This is the largest study to date showing that women who have an abnormal GCT but a normal GTT, and who are generally treated as low-risk women actually have an increased odds of IOL, CS and macrosomia. However after adjusting for the effect of maternal age, smoking and BMI, these were not statistically significant.

These findings of higher CS rate concur with those from South Australia [2] [4] but we did not show any increased rate of neonatal hypoglycaemia. The South Australian data used blood glucose levels of GCT and probably included women with GDM.

It is of note however that there were significantly more women who had a high BMI, who were older and who smoked amongst the cases. After controlling for these factors, there was still an increased odds of IOL, CS and

Table 2. Association between GCT status and pregnancy outcomes.

Table 3. Association between maternal BMI category and selected pregnancy outcomes.

*Analysis excludes women who had no labour.

Table 4. Association between positive GCT status and selected pregnancy outcomes adjusted for maternal age, BMI and smoking status.

macrosomia, however the association was not statistically significant. The lack of statistical significance could be due to the sample size (study was not powered to undertake multivariate analysis). These results suggest that although women with positive screening in the absence of GDM have an increased odds of IOL, CS and macrosomia, it is the high BMI, advanced maternal age and smoking that contribute to the trend towards the increased risk of adverse outcomes amongst the cases and that should be of concern in any intervention strategy. GCT may be a marker to alert clinicians to look at other interventions in caring for such women. The association between obesity and adverse pregnancy outcomes is not new. A Danish population-based study [6] of women with raised BMI but normal glucose levels reported that the risk of hypertensive complications, caesarean section, induction of labour and macrosomia was significantly increased in both overweight women and obese women compared with women who were of normal weight. A UK-based study [7] also showed a clear dose dependent association between increasing BMI and macrosomia, the relative risk increasing by 1.7, 2.7 and 4.8 with overweight, obese and morbidly obese women respectively. Others have similarly reported a strong association between BMI and risk of macrosomic baby [8] -[11] , and risk of caesarean section [7] -[13] even when women with GDM were excluded [8] .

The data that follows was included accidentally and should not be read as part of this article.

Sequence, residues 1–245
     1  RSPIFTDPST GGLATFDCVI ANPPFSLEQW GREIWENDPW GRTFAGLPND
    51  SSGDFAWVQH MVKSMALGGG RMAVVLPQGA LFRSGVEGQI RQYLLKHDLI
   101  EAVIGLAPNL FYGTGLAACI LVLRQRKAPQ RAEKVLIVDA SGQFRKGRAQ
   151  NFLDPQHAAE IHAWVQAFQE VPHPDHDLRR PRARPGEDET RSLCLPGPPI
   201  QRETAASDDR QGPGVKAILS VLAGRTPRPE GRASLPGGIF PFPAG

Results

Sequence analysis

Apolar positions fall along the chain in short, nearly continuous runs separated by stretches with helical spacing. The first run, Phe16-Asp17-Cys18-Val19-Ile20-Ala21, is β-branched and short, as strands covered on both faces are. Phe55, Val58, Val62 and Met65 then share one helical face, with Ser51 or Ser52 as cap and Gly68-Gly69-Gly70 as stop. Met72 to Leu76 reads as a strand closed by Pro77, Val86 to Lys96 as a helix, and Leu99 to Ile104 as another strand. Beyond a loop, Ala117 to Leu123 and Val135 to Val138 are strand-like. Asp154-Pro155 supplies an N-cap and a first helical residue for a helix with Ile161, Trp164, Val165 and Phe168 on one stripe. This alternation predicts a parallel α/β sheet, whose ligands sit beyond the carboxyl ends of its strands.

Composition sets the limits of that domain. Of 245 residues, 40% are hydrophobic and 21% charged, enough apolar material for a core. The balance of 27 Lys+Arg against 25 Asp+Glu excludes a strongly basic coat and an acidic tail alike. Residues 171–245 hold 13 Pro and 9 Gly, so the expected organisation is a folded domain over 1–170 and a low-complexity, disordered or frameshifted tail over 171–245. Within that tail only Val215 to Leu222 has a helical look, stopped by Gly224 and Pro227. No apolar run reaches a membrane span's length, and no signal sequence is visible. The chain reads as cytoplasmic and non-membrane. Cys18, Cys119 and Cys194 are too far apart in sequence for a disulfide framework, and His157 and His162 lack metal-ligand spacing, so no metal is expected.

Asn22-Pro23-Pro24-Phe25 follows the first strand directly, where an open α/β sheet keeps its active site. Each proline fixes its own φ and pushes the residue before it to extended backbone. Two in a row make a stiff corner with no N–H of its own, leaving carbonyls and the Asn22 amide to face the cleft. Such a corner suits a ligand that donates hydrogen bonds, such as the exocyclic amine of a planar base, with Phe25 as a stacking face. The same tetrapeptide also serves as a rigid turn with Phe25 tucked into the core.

The association between BMI and induction of labour is also not new. Several studies have shown that women with increased BMI are more likely to require IOL [6] [10] [13] . It is not clear why this may be so. Some have noted an increased risk of post dates as the indication [10] but this did not seem to be the case in our cohort. It is possible that women with high BMI have other complications that increase the need for induction of labour, although we were not able to demonstrate this in our study either, but this could be a cascade of events starting with post dates, a difficult induction of labour and eventually other interventions including a caesarean section.

This study clearly demonstrates the need for careful assessment of women who have an abnormal GCT particularly if they happen to be obese. Several recent publications [14] -[16] recommend that all obese pregnant women should be offered advice regarding sensible weight reduction, including diet, exercise and referral to a dietician where appropriate. Despite excluding women with GDM, there is evidence that even lesser degrees of hyperglycaemia may have additional risks of adverse pregnancy outcome as shown by the HAPO study [17] . With the obesity epidemic seen in most well resourced countries (40% of nulliparae’s pregnant women in a study from UK [9] were overweight), it is mandatory that more rigorous and well organised interventions become a health priority. Obesity confers an increased life-time risk of type 2 diabetes and potential interventions in pregnancy appearing promising [18] . Whilst these are still relatively short-term benefits ideally, rigorous interventions need to be targeted at a much earlier age, probably from preschool years.

This large cohort study has clearly shown that a pregnant woman with a high BMI and an abnormal GCT is not a low-risk pregnancy and should be referred for additional multidisciplinary care.


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*Corresponding author.